Permanent emigrants from Poland are relatively young. In 2011, persons between 20 and 39 years of age constituted 42.5 % of migrating men and 49.2 % of women. For both sexes, the share of persons under the age of 14 (i.e. accompanying dependents) was also relatively high. These shares have been growing over the last few years, which may be a sign of the tendency to transform temporary migration into settlement. The most important target country is still Germany, which in 2011 hosted around 39 % of all registered emigrants, and the United Kingdom (22 % of all emigrants), followed by the United States (9 %). (Kaczmarczyk et al. 2014)

Naturalisation policies

Under the new citizenship law there are four ways of acquiring Polish citizenship: by virtue of law (mainly on the basis of ius sanguinis¸ but in exceptional cases also on the basis of ius soli), acknowledgement procedure (with the province governor as a competent authority), conferment procedure (with the President as a competent authority), and restoration procedure (with the Minister of Interior as a competent authority). The legal basis for citizenship is provided by the Polish Constitution and related supplementary laws, according to article 34, paragraph 1 of the Constitution of 2 April 1997. The current law is the Polish Citizenship Act of 2 April 2009, which was published on 14 February 2012, and became law in its entirety on 15 August 2012. (Kaczmarczyk et al. 2014)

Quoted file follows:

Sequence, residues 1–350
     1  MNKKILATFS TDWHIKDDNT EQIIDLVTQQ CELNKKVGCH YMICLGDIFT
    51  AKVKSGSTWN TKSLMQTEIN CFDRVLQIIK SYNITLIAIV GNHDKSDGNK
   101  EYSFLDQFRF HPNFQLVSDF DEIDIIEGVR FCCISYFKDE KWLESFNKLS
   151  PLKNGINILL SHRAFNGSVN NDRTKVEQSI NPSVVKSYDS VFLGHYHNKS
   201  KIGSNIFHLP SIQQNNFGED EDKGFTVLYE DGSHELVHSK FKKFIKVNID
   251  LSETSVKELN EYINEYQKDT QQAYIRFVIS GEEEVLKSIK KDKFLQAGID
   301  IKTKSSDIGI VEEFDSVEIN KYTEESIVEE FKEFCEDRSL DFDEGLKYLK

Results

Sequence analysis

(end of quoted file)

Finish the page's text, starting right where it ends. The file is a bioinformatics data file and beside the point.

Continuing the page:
Acknowledgement procedure is possible if foreigners submit a request, know the Polish language, are not a security risk, and:

  1. lived in Poland for the last three years as a permanent resident, have a stable and regular source of income, and own or rent an apartment or house);
  2. lived in Poland, legally, for the last ten years and currently have a permanent resident status, have a stable and regular source of income, and own or rent an apartment or house;
  3. lived in Poland for the last two years as a permanent resident, and have been married to a Polish citizen for the last three years;
  4. lived in Poland for the last two years as a refugee, repatriate, or permanent resident, or are stateless.

The procedure of recognition as a Polish citizen is regulated by the Administrative Procedure Code. It means, among others aspects, that a foreigner has the right to appeal the province governor’s decision regarding naturalisation as well as to challenge the decision in court. Polish citizenship may be restored to people who lost Polish citizenship before 1 January 1999.